RIGA/STOCKHOLM Dec 11 Swedish lender Swedbank said on Sunday that queues of people withdrawing
money at its cash machines in Latvia were due to a false rumour
spread by social media that Swedish banks had problems.
"These are totally irrelevant rumours coming out of social
media. The bank's position is more than solid, Swedbank
spokesman Thomas Backteman, said. "The rumours are not only
about us, but about Swedish banks."
Short queues formed in Latvian capital Riga at some
machines to withdraw money. Latvian media said queues were
longer in other regions. The rumours began on the social
networking service Twitter, prompting some panicky withdrawals
Latvia's financial services authority said the rumours were
"A groundless wave of rumours has spread this weekend on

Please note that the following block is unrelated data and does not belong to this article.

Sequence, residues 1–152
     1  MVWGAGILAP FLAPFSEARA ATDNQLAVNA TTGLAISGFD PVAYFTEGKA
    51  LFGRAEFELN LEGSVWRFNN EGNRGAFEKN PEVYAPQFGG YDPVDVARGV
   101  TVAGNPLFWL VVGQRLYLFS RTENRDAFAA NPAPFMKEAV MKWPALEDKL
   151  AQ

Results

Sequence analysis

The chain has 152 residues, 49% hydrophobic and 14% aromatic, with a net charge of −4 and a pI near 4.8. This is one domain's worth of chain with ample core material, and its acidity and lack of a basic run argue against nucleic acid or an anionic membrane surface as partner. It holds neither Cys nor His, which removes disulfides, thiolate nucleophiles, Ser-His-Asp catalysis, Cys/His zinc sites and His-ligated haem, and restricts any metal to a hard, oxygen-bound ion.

Internet media and social Websites about the financial
situation of Swedbank," Latvian regulator FKTK said in a
"The Commission (FKTK) would like to inform the public that
these are only rumours and there is no need for worry about the
financial situation of the bank," it added.
Backteman said Swedbank -- one of the best capitalised
banks in Europe -- had seen an increase in withdrawals from its
cash machines in parts of Latvia.
"It is about three times the withdrawals we would normally
see in a weekend," he said.
Latvia's banking sector, which has more than 30 commercial
banks, is dominated by Nordic banking groups such as Swedbank and SEB .
SEB, the second biggest player after Swedbank in the
Baltics, had no immediate comment.
Backteman said rumours that Swedish banks were having
problems had started about two weeks ago, and resurfaced on
He said Swedbank was monitoring the situation and was
making sure customers were able to withdraw their money from
the bank if they so wished.
The rumours come just weeks after Latvijas Krajbanka
collapsed following the takeover of its parent in Lithuania by
The collapse in 2008 of Latvia's second-biggest lender,
Parex bank, forced the country to take a bailout from the
International Monetary Fund and European Union.